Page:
C. is the patron saint of Terracina (LT) in southern Lazio, whose cathedral of Santi Pietro e Cesareo is now a co-cathedral of the diocese of Latina-Terracina-Sezze-Priverno. Consecrated in 1074, this building occupies an ancient temple base in the former capitolium. It was reworked in the twelfth century and very largely rebuilt in the eighteenth. The much altered belltower is originally of the thirteenth century.
The portico, whose columns, capitals, and ornamental cornice are spolia, is of the earlier thirteenth century. It has a noteworthy mosaic frieze:
The interior has a thirteenth-century cosmatesque pavement:
C. is also the patron saint of San Cesario sul Panaro (MO) in Emilia, where his cult is attested from 1112 in a charter of Matilda of Tuscany, and of San Cesario di Lecce (LE) in Apulia (the Roman-period Castrum Caesaris), where a dedication to C. first attested from 1180 in a comital charter of Tancred of Lecce, the future king of Sicily. Herewith some views of C.'s "restored", partly twelfth-century church at San Cesario sul Panaro (in the first, the church is to the left of the large buildings just below center) :
An English-language account of this church:
An Italian-language account:
An Italian-language account of the originally twelfth-century chiesa di San Cesario at Nave (BR) in Lombardy (rebuilt in 1233 and again in the fifteenth century):
3) Benignus of Dijon (?). B. (in French, Bénigne) is the protomartyr of Dijon. We first hear of him from the sixth century in a story by St. Gregory of Tours (_In gloria martyrum_, 51) that narrates how G.'s grandfather, St. Gregory of Langres, a) at first suppressed B.'s popular cult at Dijon because local veneration of him in an ornate, pagan sarcophagus smacked too much of idolatry but b), prompted by a divine revelation, reversed himself, authorized the cult, restored B.'s crypt, and erected a martyrial basilica above it. B.'s legendary, originally sixth-century Passio in several versions (BHL 1153-1155) makes him a disciple of St. Polycarp of Smyrna sent to Gaul as an evangelist and arrested, tortured, and finally killed at today's Épagny (Côte-d'Or) under emperor Aurelian (who ruled over a century after Polycarp's death). His feast on this day is recorded in the (pseudo-)Hieronymian Martyrology.
Dijon's cathedral is a former abbey church dedicated to B. Herewith some accounts and views:
B.'s sarcophagus in the crypt:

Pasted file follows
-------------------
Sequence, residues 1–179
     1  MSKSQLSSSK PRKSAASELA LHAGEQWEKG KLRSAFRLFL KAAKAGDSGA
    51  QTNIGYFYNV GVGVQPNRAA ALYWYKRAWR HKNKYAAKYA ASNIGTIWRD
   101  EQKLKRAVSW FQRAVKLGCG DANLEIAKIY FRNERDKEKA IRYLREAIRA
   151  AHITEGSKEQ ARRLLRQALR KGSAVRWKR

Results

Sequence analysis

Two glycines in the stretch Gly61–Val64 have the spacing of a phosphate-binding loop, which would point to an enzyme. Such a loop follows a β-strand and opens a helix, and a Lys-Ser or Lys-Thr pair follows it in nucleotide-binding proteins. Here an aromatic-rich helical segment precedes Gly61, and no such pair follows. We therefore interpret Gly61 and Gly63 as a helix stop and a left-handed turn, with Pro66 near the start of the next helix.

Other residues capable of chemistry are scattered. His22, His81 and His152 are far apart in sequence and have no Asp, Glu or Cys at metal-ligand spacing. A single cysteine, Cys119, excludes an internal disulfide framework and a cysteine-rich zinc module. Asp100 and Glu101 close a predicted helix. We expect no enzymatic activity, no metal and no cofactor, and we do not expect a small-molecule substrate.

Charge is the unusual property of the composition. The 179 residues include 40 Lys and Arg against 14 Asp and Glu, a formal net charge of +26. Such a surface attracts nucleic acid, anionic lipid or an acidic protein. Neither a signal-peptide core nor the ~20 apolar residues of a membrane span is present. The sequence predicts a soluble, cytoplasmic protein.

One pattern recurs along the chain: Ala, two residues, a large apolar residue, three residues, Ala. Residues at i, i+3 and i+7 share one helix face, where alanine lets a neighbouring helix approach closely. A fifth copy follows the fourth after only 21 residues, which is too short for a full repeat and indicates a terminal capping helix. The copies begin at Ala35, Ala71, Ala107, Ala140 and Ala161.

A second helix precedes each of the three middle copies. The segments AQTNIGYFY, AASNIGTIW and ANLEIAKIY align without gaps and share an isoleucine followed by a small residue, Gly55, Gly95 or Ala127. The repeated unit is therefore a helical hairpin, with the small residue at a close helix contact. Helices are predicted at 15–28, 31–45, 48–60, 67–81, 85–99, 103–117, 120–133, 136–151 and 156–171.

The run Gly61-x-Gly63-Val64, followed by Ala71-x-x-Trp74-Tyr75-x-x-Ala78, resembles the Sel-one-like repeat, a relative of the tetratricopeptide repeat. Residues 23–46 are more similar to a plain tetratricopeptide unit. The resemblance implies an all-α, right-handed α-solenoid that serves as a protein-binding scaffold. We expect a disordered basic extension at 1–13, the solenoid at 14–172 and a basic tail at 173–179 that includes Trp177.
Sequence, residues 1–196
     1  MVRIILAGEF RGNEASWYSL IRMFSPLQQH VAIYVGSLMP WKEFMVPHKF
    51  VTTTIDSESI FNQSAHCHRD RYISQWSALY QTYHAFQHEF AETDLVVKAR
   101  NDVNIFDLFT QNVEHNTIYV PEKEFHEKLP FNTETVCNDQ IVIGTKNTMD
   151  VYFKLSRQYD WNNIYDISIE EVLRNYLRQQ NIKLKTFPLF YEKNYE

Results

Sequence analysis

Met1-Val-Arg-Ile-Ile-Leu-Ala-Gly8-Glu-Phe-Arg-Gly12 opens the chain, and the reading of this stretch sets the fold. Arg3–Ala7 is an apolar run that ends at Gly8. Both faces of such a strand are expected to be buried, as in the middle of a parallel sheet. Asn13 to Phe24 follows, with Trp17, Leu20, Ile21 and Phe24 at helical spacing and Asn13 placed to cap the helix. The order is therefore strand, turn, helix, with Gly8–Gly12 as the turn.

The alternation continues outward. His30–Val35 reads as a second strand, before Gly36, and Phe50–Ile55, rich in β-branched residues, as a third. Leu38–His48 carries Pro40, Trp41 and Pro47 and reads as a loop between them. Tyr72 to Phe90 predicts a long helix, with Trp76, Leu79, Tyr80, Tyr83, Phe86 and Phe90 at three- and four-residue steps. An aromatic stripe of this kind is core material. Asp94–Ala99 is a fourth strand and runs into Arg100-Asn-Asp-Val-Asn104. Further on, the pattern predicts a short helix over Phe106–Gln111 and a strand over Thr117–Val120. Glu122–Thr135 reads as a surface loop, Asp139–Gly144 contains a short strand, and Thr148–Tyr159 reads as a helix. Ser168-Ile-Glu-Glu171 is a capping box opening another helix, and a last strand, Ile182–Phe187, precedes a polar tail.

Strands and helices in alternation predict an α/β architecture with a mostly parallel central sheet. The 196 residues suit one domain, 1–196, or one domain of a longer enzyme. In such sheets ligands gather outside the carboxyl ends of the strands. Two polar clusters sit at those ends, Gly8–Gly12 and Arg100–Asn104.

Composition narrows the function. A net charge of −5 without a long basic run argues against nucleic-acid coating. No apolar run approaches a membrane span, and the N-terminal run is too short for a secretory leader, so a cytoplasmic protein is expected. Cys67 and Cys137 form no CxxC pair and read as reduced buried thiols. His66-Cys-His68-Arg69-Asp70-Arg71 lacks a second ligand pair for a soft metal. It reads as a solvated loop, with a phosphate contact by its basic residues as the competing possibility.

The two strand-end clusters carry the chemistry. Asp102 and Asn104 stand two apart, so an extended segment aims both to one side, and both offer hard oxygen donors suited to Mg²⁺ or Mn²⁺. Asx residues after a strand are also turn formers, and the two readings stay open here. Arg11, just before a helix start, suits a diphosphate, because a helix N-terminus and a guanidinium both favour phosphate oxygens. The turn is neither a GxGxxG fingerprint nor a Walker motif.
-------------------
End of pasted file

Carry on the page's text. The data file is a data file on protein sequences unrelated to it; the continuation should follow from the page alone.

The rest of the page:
4) Vigor (d. earlier 6th cent.?). V. is a fairly legendary early bishop of Bayeux whose feast today is recorded by Usuard in the later ninth century. Very popular in medieval Normandy, he has a series of legendary Vitae (BHL 8608ff.) of which the oldest (BHL 8612) was written at the then recently founded abbey of Cerisy in the period 1030-1045. Apart from documenting many of the abbey's possessions through the device of making V. a well-traveled pilgrim, this has him rid the future site of the abbey of a huge, diabolical serpent and combat idolatry in Bayeux itself once he has become bishop there. V. is also the legendary founder of the monastery of Saint-Vigor-le-Grand (Calvados) and the subject of a later eleventh-century report of a translation of his relics from Bayeux to Saint-Riquier in around 987.
Some views of the originally eleventh(?)-century église abbatiale Saint-Vigor at Cerisy-la-Forêt (Manche), reduced in size in the nineteenth century:
An illustrated, English-language account of the originally early twelfth-century église Saint-Vigor in Neau (Mayenne):
Frescoes (incl. two with depictions of V.):
Illustrated, French-language accounts of the originally twelfth-/thirteenth-century église Saint-Vigor at Quettehou (Manche):
A set of views of the remains of the originally twelfth-/fourteenth-century église Saint-Vigor de Juaye in Juaye-Mondaye (Calvados):
An illustrated, French-language page on the originally twelfth-/fifteenth(?)-century église Saint-Vigor at Champeaux (Manche):
Early in the later eleventh century a duke of Normandy brought V.'s cult to England. Herewith a view of the originally twelfth-century church of St Vigor at Stratton-on-the-Fosse (Somerset):
Illustrated, English-language accounts of the originally thirteenth-century, much rebuilt church of St Vigor at Fulbourn (Cambs), restored in 1869:
An English-language account of an originally early twelfth-century English dependency of the abbey of St. Vigor at Cerisy, the priory of Monk Sherborne (Hamps):
(Caesarius of Terracina revised from an older post)